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Principles of Molecular Orbital Theory

In molecules, atomic orbitals combine to form molecular orbitals which surround the molecule. Similar to atomic orbitals, mol ecular
orbitals are wave functions giving the probability of finding an electron in certain regions of a molecule. Each molecular orbital can only
have 2 electrons, each with an opposite spin. Take a hydrogen molecule (H2) for example. It has two molecular orbitals, an antibonding
orbital and a bonding orbital. Compared to the original atomic orbitals, a bonding molecular orbital has lower energy and is therefore
more stable. Where the atomic orbitals overlap, there is an increase in electron density and therefore an increase in the intensity of the
negative charge. This increase in negative charge causes the nuclei to be drawn closer together. Due to the lower potential energy in
molecular bonds than in separate atomic orbitals, it is more energy efficient for the electrons to stay in a molecular bond rather than be
pushed back into the 1s orbitals of separate atoms. This is what keeps bonds from breaking apart. A bonding orbital can only be
formed if the orbitals of the constituent atoms have the same phase (here represented by colors). The wave functions of electrons of
the same phase interfere constructively which leads to bonding.

If the atomic orbitals have the different phases, they interfere destructively and an antibonding molecular orbital is formed (see the top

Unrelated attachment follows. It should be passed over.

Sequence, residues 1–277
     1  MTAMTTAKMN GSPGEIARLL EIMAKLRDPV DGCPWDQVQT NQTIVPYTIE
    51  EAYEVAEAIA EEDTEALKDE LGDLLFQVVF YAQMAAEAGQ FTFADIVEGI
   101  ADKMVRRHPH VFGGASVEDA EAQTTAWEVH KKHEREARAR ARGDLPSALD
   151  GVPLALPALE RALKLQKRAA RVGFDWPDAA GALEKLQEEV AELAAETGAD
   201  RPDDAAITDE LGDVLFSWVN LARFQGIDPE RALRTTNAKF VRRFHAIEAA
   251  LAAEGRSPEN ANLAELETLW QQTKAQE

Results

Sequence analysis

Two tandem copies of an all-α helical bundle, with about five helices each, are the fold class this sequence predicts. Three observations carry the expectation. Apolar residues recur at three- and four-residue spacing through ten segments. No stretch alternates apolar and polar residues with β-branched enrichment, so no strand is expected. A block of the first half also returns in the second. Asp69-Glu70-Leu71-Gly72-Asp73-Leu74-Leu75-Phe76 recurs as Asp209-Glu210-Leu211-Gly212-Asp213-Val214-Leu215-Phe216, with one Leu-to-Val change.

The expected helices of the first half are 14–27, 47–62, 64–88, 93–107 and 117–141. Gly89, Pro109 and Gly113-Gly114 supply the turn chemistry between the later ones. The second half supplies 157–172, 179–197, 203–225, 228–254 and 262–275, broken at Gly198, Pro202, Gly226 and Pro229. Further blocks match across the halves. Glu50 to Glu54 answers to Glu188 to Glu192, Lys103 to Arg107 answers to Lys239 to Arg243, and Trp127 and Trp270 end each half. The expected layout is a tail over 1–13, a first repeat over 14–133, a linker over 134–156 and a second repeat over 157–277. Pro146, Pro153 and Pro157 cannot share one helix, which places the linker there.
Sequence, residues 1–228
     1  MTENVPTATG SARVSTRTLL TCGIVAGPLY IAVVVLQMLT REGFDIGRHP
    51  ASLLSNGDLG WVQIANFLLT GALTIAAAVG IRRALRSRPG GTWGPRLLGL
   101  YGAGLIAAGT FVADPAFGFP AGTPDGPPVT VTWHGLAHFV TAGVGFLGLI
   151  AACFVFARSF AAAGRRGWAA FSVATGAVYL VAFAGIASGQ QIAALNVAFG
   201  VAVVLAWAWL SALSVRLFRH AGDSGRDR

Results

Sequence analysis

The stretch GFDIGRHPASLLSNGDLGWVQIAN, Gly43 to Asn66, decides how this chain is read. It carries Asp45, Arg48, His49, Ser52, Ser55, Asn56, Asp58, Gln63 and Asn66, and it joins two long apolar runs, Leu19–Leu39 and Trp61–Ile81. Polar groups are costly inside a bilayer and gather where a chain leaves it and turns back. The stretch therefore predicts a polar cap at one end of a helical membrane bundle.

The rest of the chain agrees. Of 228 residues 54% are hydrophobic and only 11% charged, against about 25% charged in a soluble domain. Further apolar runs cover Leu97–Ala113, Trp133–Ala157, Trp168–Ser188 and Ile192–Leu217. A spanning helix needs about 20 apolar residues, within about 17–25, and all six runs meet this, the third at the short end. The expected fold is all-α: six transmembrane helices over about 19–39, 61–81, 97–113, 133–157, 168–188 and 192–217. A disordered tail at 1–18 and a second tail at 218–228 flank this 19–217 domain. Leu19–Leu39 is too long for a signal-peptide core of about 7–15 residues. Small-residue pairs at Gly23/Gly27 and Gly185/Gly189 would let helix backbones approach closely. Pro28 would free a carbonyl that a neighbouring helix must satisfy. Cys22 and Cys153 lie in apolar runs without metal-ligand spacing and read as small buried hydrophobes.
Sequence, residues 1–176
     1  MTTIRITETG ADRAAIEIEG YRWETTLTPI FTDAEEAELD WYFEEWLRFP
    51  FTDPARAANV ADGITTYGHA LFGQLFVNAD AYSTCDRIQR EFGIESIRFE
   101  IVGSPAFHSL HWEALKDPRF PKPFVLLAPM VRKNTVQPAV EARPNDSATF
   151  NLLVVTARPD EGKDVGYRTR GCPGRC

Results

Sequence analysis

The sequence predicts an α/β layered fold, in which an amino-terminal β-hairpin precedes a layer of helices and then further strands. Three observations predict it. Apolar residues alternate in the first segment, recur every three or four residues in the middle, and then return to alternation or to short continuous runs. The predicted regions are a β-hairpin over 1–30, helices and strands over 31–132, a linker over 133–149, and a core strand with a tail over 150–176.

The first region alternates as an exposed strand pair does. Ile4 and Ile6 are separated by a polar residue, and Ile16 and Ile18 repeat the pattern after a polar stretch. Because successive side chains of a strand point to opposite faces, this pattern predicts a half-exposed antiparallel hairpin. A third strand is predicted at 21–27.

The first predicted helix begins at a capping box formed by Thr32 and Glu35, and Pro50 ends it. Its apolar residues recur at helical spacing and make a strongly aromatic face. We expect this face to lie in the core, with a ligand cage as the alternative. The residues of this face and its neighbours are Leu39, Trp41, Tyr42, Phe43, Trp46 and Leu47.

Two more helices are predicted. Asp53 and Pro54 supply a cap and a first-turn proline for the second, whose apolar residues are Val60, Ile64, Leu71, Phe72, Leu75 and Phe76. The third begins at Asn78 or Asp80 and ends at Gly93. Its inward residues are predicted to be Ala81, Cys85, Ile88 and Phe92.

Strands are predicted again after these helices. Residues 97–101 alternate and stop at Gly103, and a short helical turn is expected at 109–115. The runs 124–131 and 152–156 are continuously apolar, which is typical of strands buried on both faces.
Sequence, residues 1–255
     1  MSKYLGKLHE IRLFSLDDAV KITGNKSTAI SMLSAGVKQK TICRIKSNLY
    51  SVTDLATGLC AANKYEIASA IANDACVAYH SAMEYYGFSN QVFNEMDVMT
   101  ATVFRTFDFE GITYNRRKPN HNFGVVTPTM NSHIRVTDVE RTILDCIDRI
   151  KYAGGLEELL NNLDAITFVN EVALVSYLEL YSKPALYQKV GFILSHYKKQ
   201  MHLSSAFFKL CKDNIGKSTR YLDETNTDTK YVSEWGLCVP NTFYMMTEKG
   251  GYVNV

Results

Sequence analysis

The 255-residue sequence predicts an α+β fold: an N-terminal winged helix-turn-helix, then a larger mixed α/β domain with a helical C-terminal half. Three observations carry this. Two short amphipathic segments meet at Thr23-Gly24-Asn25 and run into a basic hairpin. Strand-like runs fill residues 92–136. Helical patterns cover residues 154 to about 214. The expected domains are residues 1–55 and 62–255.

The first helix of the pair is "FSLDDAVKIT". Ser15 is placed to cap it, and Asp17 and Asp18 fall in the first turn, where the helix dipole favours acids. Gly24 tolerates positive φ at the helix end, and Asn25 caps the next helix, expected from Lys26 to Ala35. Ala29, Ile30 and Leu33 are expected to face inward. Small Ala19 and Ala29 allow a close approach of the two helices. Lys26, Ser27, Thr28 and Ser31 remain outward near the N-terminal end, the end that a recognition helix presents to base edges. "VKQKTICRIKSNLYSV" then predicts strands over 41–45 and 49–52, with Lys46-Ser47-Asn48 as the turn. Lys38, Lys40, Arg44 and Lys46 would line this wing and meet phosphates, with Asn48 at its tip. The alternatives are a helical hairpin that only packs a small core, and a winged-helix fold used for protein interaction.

part of the figure below). Antibonding molecular orbitals have a higher energy than the atomic orbitals of their constituent atoms. When
antibonds are formed, the interaction creates a decrease in the intensity of the negative charge, which causes a decrease in the plus
minus attraction in the molecular bond. This smaller attraction leads to the higher potential energy. This type of bond destabilizes the
attraction between atoms, so the number of antibonding orbitals in a molecule must be less than the number of bonding orbitals.

Sigma Bonds
Molecular orbitals that are symmetrical about the axis of the bond are called sigma molecular orbitals, often abbreviated by the Greek
letter . The diagram to the left shows the 1s orbitals of 2 Hydrogen atoms forming a sigma orbital. There are two types of sigma
orbitals formed, antibonding sigma orbitals (abbreviated *), and bonding sigma orbitals (abbreviated ). In sigma bonding orbitals, the
in phase atomic orbitals overlap end to end causing an increase in electron density along the bond axis. Where the atomic orbitals
Principle Details/Examples
1
Total number of molecular orbits is equal to the total number of
atomic orbitals from combining atoms

3. Following both the Pauli exclusion principle and Hund's
rule, electrons fill in orbitals of increasing energy.

2 Bonding molecular orbitals have lessenergy than the constituent
atomic orbitals before bonding
Antibonding molecular orbitals have more energy than the
constituent atomic orbitals before bonding.